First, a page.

“Another top priority is to move to greater adoption of automation and digital technology, [and] at the same time become more sustainable. We have set up a digital sandbox in the port where we encourage companies to come and explore with us on new technologies. The whole idea is to try and see which ones work and do well and give us the highest returns, and implement those. While we are [using] technology ahead of a lot of ports, we want to make sure that we continue to do so,” says Ruben.

JV cruise business operationally profitable since July

As for its Port Klang cruise business, Ruben says Port Klang Cruise Terminal (PKCT), formerly known as Boustead Cruise Centre, has been generating cash flow since it reopened in July, helped by pent-up demand for cruise tourism.

Ruben says the 50:50 joint venture (JV) between Westports and MMC Corp Bhd is negotiating with PKA to approve the strategic business plan involving the expansion of the 69.8-acre cruise facilities.

“The idea is to handle and bring in more international cruise ships to Port Klang. I am talking to all partners that are looking at Southeast Asia as their cruise destination.

“The potential funding should be internally generated or PKCT would borrow directly, rather than the two shareholders injecting more capital. But we need to have a finalised plan first and we need to have it all agreed upon with the port authority, and then bring in the architects and engineers. So, I don’t think it’s going to start anytime soon, but the plan is to expand the facilities there,” he adds.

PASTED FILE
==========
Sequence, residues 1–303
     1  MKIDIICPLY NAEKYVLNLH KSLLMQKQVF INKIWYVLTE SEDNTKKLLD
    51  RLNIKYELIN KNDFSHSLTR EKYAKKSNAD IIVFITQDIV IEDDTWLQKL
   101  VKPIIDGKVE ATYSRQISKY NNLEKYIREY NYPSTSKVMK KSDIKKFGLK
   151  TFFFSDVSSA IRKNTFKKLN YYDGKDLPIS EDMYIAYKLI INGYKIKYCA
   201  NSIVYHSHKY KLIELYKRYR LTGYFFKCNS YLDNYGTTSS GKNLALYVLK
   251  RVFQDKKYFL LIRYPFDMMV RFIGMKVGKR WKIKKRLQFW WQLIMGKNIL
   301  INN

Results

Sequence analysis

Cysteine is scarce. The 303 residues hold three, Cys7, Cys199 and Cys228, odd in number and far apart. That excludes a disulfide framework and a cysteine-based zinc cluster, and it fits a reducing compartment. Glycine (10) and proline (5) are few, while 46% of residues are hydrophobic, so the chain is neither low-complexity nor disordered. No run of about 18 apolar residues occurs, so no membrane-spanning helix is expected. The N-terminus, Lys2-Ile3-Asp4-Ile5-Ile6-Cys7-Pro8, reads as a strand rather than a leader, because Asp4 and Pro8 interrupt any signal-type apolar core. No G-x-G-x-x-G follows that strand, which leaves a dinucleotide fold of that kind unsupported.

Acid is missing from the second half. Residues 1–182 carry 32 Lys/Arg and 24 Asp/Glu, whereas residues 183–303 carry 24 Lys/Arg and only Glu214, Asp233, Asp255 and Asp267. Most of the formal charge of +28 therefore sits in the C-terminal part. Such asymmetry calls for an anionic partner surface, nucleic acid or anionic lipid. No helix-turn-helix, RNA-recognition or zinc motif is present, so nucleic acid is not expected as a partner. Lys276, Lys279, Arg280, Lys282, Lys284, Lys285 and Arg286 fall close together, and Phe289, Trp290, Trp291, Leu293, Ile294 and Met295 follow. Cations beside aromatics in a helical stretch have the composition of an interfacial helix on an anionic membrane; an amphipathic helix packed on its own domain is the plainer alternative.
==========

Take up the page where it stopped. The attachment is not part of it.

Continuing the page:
The Penang Port Commission is also looking to transform Swettenham Pier Cruise Terminal (SPCT) into a leading cruise ship terminal in Malaysia and a major port in the region.

Ruben sees PKCT and SPCT as complementary to each other. “You need more destinations to have more calls and more capacity so that more ships can come. If it is Port Klang alone, I don’t think it would be interesting. But if you have Penang, Langkawi, Phuket, Singapore and the rest of Southeast Asia to offer, then you can create more cruise packages around it. Otherwise, it gets too boring,” he says.

Ruben also says that, following the acquisition of its 50% stake in PKCT from Boustead Holdings Bhd for RM115 million in September last year, Westports has no potential acquisition target.

“We are constantly looking for potential acquisitions, but it must be of value to us. We are not looking to plant any flags at any point in time. For us, if we invest in something, it has to be because it gives us good returns.

“I have not seen anything on the horizon from that perspective yet. [The acquisition of the Port Klang] cruise terminal was mainly because it was in Port Klang, but the focus would be on container ports. The key question is whether the investment would give us good returns,” he says.

Still, preference would be for acquisitions in Southeast Asia as the region is “easy to manage”. “We have been invited to invest in South America and Central America, but I don’t think we can manage them. We have turned down the offers because they just didn’t make sense for us. [An acquisition] closer to home makes more sense,” says Ruben.